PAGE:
We are now in Dublin, just got back from the Guinness Storehouse and are now heading to the Roger Waters concert tonight. I will be putting pictures up when I have the chance - maybe tomorrow morning.

Saturday, May 14, 2011

One adventure ends, another one begins

My program ended today at noon. It was really sad to see everyone leave. We said most of our goodbyes last night. Morocco is such a beautiful country and will always have a spot in my heart for many reasons: the landscape, the people, and the food.

All my classes ended on May 10 (on a Wednesday) at 7:00. My boyfriend (at the time) and I decided to do a date night on the rooftop. We picked up pizza at V.I.P. (Very Italian Pizza) and Matt picked up a couple bottles of wine from Label Vie and we headed to the roof. The weather was beautiful all day until around 7:00 (of course, always happens like that). It looked like it was going to downpour any second but we still went to the roof. We had a romantic night watching the storm, eating pizza, and drinking Moroccan wine. Matt then got on one knee and asked me to marry him. I said yes!! :D We decided to finish our pizza and head downstairs to show all my friends. Everyone was super excited!! There was a lot of screaming, jumping up and down, and crying going on. And to answer the question that everyone has been asking me: no, I did not know he was going to propose to me. He did a great job at keeping it secret (usually I figure out all the secrets he has for me - especially my birthday presents). The ring is so beautiful!! He did a great job at picking out the perfect ring for me. It has three diamonds in the middle and on each side of the ring there are three little diamonds. What a story to tell - I got engaged in Africa!!

I am going to miss everyone but the people I lived with had the most impact in my life - we ate together, went to school together, and all lived together. We really didn't have a break from each other.  Let me start with the Chi-O sorority girl - the loudest but proudest girl in our apartment. One night, MK and I had story night with her and hours later we were still talking (the stories could go on more and more but it was about 1 in morning). I got a better understanding of sorority life. Then there was the Alabama sweetheart - the sweetest person I have ever met. She and I made up two-thirds of our French class (yup there were only three people in the class). She had so many friends come through that we told her that she got the most-friends-coming-to-Morocco-to-see-her award. My favorite expression from her is "Shut the front door!" Then there is the princess, germophobe diva. Being a germophobe in Morocco is not the best thing, but she did it. I don't know how, but she did. She's very independent and does what she wants when she wants. Then there is the U.P. talent (U.P. as in upper pennisula) from Michigan! She was the most talented out of the group. She is basically a yoga master, plays the violin very well, sings marvelously, and picked up bellydance the quickest. I'm proud to say she's from Michigan :).  My last roommate, if she would write this year in a book, I would suggest this title: Drink, Write, Save the rainforest. Just like Eat Pray Love but instead she went to Morocco (Drink: Moroccan whisky), is going to Italy (Write: learning how to travel write), and then shes going to India (Save the rainforest: well, she's going to save the rainforest). Oh, I'm going to miss living with them but I am ready to have a one bedroom apartment with my fiance.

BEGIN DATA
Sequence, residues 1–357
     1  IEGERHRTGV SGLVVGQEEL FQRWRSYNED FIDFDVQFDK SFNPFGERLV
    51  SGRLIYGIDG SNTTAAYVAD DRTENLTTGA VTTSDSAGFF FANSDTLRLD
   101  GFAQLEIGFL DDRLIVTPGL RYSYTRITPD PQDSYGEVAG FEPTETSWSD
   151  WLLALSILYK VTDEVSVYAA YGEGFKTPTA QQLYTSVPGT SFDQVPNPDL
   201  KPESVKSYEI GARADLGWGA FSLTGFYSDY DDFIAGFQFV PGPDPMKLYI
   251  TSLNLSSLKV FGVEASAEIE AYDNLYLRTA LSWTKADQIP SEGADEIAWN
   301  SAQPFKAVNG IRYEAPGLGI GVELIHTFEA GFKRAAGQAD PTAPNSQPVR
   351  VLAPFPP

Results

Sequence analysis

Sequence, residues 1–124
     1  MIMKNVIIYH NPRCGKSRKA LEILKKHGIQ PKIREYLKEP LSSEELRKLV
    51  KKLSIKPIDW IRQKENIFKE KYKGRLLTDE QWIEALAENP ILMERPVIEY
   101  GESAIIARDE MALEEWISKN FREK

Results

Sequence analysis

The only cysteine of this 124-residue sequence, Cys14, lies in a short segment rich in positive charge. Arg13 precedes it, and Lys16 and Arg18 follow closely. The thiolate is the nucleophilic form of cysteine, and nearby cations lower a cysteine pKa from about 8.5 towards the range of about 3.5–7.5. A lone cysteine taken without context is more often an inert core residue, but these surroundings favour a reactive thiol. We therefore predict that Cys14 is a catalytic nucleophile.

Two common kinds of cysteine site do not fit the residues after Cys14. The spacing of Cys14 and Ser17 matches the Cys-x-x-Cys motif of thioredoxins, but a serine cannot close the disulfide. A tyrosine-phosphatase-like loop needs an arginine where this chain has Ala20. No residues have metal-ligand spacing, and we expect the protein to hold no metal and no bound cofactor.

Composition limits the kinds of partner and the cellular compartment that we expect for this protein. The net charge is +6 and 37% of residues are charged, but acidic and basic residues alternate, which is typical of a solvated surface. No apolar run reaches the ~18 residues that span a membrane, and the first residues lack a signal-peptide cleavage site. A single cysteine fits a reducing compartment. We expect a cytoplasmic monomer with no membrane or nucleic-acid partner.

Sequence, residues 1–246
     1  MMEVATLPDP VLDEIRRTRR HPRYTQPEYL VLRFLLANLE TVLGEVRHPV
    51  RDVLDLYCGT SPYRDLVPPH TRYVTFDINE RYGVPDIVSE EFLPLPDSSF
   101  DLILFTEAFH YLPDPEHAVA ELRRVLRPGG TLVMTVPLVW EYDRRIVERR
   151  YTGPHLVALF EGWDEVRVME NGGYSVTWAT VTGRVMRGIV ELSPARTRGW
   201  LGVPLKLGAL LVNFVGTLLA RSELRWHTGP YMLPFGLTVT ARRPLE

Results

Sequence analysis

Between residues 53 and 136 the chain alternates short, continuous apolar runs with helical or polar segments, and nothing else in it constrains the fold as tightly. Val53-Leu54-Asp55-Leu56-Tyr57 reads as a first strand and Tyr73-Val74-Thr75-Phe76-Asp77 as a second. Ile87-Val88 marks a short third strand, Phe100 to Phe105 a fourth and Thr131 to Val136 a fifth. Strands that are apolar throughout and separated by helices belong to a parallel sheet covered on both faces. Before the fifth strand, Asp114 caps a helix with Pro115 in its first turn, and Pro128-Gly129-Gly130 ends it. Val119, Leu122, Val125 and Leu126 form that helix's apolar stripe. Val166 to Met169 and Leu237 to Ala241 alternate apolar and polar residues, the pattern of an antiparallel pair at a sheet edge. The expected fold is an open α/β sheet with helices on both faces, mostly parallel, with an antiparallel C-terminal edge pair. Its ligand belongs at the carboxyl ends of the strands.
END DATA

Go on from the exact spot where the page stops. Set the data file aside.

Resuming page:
On our last day (Friday) with the group, we had a closing ceremony where we recieved our grades, speeches were made, there was more crying, pictures were taken, and the Dean blessed our engagement. After the closing ceremony, we (Matt and I) went to the medina to pick up a suitcase and say goodbye to a couple shop owners. After buying the suitcase, we went back home, filled our stomaches with cous-cous for the last time with my roommates (the ones who didn't leave early), and then filled our suitcase with our rugs and other goodies we collected in the medina that day. After packing and dropping our luggage at the ISA office, I went to the hammam for the last time with a couple of the girls here and I'm so glad that I did because it was so relaxing and a great closure to the trip. As one of the girls mentioned it was a like a we made a complete circle and feel we have made the most out of this experience. We felt complete after the hammam.